corporal-ship

corporal

2 [kawr-per-uhl, -pruhl]
noun
1.
Military.
a.
a noncommissioned officer ranking above a private first class in the U.S. Army or lance corporal in the Marines and below a sergeant.
b.
a similar rank in the armed services of other countries.
2.
(initial capital letter) a U.S. surface-to-surface, single-stage ballistic missile.

Origin:
1570–80; < Middle French, variant of caporal (influenced by corporal corporal1) < Italian caporale, apparently contraction of phrase capo corporale corporal head, i.e., head of a body (of soldiers). See caput

corporalcy, corporalship, noun
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Based on the Random House Dictionary, © Random House, Inc. 2014.
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World English Dictionary
corporal1 (ˈkɔːpərəl, -prəl)
 
adj
1.  of or relating to the body; bodily
2.  an obsolete word for corporeal
 
[C14: from Latin corporālis of the body, from corpus body]
 
corpo'rality1
 
n
 
'corporally1
 
adv

corporal2 (ˈkɔːpərəl, -prəl)
 
n
1.  a noncommissioned officer junior to a sergeant in the army, air force, or marines
2.  (in the Royal Navy) a petty officer who assists the master-at-arms
 
[C16: from Old French, via Italian, from Latin caput head; perhaps also influenced in Old French by corps body (of men)]
 
'corporalship2
 
n

corporal or corporale3 (ˈkɔːpərəl, -prəl, ˌkɔːpəˈreɪlɪ)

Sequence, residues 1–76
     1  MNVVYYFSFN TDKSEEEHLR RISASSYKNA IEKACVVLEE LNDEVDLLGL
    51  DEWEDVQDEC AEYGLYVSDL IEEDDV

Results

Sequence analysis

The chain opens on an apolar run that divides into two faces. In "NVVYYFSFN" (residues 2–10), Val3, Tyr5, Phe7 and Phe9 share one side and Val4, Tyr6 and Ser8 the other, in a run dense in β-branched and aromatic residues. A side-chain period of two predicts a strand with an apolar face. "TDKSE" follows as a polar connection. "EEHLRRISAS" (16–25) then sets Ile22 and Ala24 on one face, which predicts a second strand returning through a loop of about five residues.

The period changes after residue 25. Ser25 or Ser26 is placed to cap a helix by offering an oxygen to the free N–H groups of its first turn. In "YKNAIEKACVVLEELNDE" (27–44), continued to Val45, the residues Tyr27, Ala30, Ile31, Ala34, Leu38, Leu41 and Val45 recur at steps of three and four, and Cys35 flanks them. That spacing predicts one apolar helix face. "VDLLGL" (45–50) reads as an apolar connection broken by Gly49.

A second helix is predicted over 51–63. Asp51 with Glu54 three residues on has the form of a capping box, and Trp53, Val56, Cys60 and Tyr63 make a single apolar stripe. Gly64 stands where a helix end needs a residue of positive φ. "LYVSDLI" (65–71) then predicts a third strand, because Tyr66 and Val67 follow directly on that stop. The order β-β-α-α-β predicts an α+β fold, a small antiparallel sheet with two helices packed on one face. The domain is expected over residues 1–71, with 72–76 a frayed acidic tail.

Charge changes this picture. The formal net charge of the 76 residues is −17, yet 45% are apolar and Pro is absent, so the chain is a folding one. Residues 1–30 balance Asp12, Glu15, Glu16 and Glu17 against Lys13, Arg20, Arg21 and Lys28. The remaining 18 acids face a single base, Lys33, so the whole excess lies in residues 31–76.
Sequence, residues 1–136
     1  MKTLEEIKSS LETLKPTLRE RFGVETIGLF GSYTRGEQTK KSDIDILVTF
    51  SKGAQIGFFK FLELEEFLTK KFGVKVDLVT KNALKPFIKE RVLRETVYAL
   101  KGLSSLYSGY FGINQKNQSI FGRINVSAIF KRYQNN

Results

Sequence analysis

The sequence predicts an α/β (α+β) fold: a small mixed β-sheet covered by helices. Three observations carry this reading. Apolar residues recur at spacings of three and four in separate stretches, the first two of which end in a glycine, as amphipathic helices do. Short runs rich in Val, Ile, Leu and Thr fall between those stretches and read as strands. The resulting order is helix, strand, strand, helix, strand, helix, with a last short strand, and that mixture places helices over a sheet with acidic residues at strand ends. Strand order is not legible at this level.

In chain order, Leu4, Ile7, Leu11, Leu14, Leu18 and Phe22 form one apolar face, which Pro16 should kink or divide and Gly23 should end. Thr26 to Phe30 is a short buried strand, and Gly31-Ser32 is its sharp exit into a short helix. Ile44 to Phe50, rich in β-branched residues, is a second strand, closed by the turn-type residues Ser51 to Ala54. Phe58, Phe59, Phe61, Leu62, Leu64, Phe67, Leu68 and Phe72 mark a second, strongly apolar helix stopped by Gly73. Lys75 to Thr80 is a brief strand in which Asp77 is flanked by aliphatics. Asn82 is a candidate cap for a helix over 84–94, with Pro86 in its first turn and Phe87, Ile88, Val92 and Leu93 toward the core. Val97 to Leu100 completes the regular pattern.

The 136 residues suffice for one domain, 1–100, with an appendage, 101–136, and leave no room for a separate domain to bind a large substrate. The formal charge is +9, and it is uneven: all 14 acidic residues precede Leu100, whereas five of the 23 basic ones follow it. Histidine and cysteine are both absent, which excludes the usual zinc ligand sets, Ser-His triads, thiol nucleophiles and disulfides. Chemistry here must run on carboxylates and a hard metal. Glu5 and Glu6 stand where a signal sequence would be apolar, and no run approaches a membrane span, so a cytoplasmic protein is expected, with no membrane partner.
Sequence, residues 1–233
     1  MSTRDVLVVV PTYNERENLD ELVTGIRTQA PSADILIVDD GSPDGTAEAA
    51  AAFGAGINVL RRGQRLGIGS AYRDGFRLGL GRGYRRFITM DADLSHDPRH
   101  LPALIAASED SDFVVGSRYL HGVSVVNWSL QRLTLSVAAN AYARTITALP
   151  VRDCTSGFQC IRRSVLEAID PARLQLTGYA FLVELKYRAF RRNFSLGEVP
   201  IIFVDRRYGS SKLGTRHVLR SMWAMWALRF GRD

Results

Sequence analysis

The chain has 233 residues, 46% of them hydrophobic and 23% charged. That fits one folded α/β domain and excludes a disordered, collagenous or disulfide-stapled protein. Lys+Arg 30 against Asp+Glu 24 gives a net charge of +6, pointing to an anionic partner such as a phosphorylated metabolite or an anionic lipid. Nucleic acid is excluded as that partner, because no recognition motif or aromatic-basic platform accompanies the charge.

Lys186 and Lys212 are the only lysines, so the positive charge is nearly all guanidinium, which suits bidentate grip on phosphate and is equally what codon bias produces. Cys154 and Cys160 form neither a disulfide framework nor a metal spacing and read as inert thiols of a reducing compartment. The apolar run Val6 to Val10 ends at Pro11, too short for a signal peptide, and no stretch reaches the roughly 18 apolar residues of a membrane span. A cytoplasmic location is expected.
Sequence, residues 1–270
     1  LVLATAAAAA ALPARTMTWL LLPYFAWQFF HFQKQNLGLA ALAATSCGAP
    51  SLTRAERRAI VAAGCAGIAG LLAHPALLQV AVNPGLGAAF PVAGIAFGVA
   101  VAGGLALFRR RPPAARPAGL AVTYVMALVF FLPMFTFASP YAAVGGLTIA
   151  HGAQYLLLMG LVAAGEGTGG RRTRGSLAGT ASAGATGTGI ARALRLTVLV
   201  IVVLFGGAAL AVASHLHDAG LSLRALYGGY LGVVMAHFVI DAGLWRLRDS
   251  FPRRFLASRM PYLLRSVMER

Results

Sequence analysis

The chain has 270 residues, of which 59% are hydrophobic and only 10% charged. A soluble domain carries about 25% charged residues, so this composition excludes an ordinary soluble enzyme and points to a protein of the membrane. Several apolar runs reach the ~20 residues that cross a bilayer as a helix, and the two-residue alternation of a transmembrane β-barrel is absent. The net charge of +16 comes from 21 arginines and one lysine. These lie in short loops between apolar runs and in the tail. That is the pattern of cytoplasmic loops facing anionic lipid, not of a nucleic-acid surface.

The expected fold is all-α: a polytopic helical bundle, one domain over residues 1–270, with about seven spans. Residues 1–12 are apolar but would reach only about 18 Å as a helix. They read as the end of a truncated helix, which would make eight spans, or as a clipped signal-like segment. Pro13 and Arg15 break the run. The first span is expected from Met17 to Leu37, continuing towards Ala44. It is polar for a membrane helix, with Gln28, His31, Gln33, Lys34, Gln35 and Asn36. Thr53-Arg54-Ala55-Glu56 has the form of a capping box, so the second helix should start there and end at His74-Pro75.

n
a white linen cloth on which the bread and wine are placed during the Eucharist
 
[C14: from Medieval Latin corporāle pallium eucharistic altar cloth, from Latin corporālis belonging to the body, from corpus body (of Christ)]
 
corporale or corporale3
 
n
 
[C14: from Medieval Latin corporāle pallium eucharistic altar cloth, from Latin corporālis belonging to the body, from corpus body (of Christ)]

Collins English Dictionary - Complete & Unabridged 10th Edition
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Etymonline
Word Origin & History

corporal
1570s, from M.Fr. corporal, from It. caporale "a corporal," from capo "chief, head," from L. caput "head" (see head). So called because he was in charge of a body of troops. Perhaps infl. by It. corpo, from L. corps "body." Or corps may be the source and caput the influence,
as the OED suggests. Corporal punishment "punishment of the body" (as opposed to fine or loss of rank or privilege) is from 1580s.

corporal
"of or belonging to the body," late 14c., from O.Fr. corporal, from L. corporalis, from corpus (gen. corporis) "body" (see corps). Corporal punishment (1580s) is that inflicted on the body as opposed to fines or loss of rank.
Online Etymology Dictionary, © 2010 Douglas Harper
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